The myth about that letter has gained great circulation and has been the main basis for the persecution theory, appearing in many accounts of Hall’s supposed history. However, it’s a lie, a big lie. The letter is unverified and whether it existed or not, its contents are indisputably incorrect. The most likely paper for the letter to appear in would be the Lachlan Miner but there is no account of it, nor any reproduction of or reference to it in any other paper from the time, which is conspicuous. However, if it did exist and it was written or dictated by Hall, it would make him all the more a liar for it. It is correct that Ben Hall’s house was burned down, but the tale surrounding the circumstances of that event is pure fiction, not the least of which because Hall’s house was burned down two weeks after Hall captured Norton and it was not at the instigation of the police but Hall’s business partner, to whom Hall had forfeited the lease on his property for failure to repay the legal fees his partner had put up to get him off pre-existing offences, including the Eugowra escort raid. Moreover, Hall was not in jail at the time but was even present when it happened. He had been given Notice to Quit but ignored it, or at least so the new owner claimed, being why the owner had called the police, acting as bailiffs and led by Pottinger, to evict him. Hall turned up, attempting to lure the police away, but the police let him go, only part reason they came under intense condemnation. Hall’s wife, Biddy, had left him a long time earlier and he had another partner with whom he had another child. There was no stock on the property, his father purportedly having already taken it to Maitland, and Hall’s older brother and family, as well as Hall’s mother and his new partner, were all living on the property at the time, let alone the McGuires, barely three or four hundred yards from Hall’s house, any or all of whom could have cared for supposedly ‘abandoned’ stock, stock that in reality did not exist. However, the burning of Hall’s house was condemned in parliament, there being a woman and child on the property, as was Pottinger’s failure to pursue Hall when he tried to lure them away. Rather than chasing Hall, Pottinger seemed to have been willing to act on the owner’s instructions to burn down his house as his personal message to criminals that they could not act with impunity. However, whatever Pottinger’s role in this event, it had nothing to do with Hall turning to bushranging, he having been a seasoned and determined criminal for some time. From the time of European colonisation, there had been instances of injustice, brutalisation and persecution, however, Ben Hall’s experience was not one of them.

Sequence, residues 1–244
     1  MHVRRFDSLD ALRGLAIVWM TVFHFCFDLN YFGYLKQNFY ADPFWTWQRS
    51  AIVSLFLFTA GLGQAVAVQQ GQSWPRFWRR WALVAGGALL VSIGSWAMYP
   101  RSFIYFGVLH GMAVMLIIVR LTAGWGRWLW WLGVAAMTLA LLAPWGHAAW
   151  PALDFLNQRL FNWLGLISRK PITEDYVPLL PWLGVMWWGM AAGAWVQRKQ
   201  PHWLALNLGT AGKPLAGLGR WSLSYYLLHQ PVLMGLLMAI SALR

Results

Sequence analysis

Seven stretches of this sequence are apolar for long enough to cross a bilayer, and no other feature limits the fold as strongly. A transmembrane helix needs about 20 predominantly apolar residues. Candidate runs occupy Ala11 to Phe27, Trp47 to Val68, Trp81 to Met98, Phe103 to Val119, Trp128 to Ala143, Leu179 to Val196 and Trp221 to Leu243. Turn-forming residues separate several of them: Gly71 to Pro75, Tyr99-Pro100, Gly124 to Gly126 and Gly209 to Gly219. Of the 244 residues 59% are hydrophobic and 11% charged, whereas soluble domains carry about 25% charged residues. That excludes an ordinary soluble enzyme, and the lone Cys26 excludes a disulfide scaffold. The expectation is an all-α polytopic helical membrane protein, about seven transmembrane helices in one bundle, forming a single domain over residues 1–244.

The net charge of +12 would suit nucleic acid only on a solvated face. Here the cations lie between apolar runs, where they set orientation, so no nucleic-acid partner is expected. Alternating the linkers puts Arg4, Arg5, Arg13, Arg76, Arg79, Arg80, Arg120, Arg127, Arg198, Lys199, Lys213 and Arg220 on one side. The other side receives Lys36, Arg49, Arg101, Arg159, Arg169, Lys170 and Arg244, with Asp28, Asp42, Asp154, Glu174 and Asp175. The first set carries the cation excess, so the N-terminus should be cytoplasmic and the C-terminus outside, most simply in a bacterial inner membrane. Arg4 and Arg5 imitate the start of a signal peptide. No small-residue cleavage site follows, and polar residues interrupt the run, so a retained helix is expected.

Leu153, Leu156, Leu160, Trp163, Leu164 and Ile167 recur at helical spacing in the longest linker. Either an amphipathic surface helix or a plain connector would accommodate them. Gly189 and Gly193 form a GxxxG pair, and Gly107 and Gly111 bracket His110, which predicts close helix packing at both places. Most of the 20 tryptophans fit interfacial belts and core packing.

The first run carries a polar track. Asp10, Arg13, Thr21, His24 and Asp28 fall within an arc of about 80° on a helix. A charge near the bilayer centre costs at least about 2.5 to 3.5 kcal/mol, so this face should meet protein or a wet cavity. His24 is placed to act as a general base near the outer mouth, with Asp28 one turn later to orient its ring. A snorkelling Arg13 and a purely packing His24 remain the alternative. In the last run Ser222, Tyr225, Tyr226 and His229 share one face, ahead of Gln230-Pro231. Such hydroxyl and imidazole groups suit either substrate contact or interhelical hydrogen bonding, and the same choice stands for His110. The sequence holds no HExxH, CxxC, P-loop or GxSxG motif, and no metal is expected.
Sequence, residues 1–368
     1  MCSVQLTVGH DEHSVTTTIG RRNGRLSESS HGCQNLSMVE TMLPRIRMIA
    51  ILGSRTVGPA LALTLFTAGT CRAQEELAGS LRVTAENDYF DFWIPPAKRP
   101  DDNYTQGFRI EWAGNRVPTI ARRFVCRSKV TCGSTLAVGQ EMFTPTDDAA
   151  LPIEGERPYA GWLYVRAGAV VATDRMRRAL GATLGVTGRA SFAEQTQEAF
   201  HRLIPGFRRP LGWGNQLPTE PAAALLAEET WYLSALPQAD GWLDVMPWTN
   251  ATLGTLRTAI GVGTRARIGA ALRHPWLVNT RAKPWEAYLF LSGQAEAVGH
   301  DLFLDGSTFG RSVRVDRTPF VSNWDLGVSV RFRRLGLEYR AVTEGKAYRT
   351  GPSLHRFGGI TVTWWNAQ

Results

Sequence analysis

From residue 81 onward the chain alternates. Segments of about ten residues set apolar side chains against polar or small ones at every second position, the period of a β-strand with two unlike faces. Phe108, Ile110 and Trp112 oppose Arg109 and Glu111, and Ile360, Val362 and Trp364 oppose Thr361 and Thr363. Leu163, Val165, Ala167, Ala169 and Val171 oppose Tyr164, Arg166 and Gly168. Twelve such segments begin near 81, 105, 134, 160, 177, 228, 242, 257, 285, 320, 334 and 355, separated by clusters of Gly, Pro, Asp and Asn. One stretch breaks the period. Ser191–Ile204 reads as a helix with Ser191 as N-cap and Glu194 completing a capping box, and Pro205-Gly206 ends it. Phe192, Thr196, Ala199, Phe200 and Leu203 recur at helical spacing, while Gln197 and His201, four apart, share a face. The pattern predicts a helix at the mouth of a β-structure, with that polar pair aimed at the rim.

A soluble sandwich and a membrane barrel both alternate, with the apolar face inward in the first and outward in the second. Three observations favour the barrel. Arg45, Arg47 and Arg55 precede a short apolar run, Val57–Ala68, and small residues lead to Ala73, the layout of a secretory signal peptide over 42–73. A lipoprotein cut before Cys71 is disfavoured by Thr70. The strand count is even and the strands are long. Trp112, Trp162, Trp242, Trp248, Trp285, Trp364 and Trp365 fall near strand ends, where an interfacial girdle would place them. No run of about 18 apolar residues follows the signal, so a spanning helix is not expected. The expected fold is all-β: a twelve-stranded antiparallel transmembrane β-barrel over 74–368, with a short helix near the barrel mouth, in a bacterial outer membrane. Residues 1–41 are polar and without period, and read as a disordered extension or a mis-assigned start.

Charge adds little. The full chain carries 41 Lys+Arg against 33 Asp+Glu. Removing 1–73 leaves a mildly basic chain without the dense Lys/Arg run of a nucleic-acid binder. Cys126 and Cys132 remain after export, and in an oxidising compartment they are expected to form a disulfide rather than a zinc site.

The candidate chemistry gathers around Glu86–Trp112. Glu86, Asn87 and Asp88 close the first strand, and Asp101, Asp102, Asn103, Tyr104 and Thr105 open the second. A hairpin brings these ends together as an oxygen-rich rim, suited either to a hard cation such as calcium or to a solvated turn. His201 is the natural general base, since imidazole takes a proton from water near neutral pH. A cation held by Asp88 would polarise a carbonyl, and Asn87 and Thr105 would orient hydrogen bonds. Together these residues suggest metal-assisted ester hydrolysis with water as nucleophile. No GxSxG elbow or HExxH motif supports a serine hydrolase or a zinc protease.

This was all well-known at the time of the events in the 1860s. Hall’s own family had no doubt of his guilt, including his part in the Eugowra raid. McGuire wrote of it in his memoirs, later penned by a newspaper editor from first-hand dictation, and Hall’s older brother also confirmed Hall’s involvement. Hall’s family never blamed the police for Hall’s turn to crime but attributed it to a type of “breakdown” they claimed he had after Biddy left him. Ben Hall and his gang had been a topic of detailed discussion in parliament since the Eugowra raid, including the burning of his house, which was condemned. However, sixty years after the events, the 1921 article that put in print rumours that had arisen long after Hall’s death, harnessed the up-the-system quality of the Australian national character and made a sanctified hero out of a thug, the repercussions of which are still being felt today.